As we look through the list of strengths in a currency union we know that political consensus helps. With 2 left-wing government’s in power things may have moved that way but things can change and government’s tend to veer from one side of the political spectrum to the other. Next is fiscal policy where Argentina is in the usual position of something which has been previously described by Christine Lagarde as a success.

The Executive Board of the International Monetary Fund completed today the third review of Argentina’s 30-month EFF arrangement, allowing for an immediate disbursement of about US$6 billion. ( December 22nd )

Monetary financing tends not to end well.

support a reduction in monetary financing of the fiscal
deficit (from 0.8 percent of GDP in 2022 to 0.6 percent of GDP in 2023 ( IMF on Argentina)

It is an ever declining situation for the debt in US Dollars as the declining Peso makes it more expensive to run and then refinance.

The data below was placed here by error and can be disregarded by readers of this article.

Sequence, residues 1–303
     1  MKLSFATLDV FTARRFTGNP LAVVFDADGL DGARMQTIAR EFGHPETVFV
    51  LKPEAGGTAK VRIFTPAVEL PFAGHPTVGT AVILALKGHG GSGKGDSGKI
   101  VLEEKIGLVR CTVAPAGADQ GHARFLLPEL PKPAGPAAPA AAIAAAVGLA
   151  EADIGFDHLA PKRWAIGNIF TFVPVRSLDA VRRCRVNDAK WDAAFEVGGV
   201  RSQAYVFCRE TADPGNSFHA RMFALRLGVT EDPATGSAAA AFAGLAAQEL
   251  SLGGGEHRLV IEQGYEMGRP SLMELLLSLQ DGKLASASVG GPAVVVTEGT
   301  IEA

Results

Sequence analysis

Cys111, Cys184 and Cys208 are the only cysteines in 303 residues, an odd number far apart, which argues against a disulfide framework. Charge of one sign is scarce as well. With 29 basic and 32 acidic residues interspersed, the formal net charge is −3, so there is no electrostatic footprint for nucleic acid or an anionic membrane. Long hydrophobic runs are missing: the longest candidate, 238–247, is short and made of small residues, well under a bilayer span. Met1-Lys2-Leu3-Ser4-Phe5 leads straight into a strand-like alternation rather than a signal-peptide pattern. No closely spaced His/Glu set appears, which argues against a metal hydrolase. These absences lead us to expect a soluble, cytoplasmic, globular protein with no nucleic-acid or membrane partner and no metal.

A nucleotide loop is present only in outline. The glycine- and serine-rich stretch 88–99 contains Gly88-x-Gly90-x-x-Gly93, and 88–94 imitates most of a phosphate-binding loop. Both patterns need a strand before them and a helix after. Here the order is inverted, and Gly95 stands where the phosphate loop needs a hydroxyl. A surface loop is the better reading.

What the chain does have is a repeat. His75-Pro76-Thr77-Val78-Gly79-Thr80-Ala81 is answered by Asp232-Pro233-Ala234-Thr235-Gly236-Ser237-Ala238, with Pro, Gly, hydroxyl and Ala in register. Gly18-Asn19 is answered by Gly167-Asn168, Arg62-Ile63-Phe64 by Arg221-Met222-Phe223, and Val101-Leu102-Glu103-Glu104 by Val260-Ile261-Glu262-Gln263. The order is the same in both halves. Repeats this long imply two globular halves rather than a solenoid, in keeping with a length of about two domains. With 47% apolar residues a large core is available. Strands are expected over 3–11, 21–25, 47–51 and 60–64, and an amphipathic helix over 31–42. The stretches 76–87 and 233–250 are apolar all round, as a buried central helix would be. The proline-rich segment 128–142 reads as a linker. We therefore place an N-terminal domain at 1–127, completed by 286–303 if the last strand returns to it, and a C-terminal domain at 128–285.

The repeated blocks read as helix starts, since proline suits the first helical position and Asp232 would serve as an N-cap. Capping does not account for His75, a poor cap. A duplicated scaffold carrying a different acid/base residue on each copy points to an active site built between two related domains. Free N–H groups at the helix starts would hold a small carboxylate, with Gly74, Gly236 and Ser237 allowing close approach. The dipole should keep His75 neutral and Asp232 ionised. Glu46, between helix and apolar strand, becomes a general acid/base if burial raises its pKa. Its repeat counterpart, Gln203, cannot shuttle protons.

I have recently been watching The First World War on PBSAmerica and in it Germany considered its alliance with Austria-Hungary as being like being “shackled to a corpse”. For Brazil this looks like the economic equivalent.

Also as Brazil is one of the BRICs and we are told that is in the ascendant should they not be looking there?


Weak UK Retail Sales mean the Bank of England is less likely to raise interest-rates much more

After what has been a run of better news for the UK economy this morning has brought some weaker news.

Retail sales volumes are estimated to have fallen by 1.0% in December 2022, following a fall of 0.5% in November (revised from a fall of 0.4%).

That does back up one of my main themes as back on January 29th 2015 I pointed out this.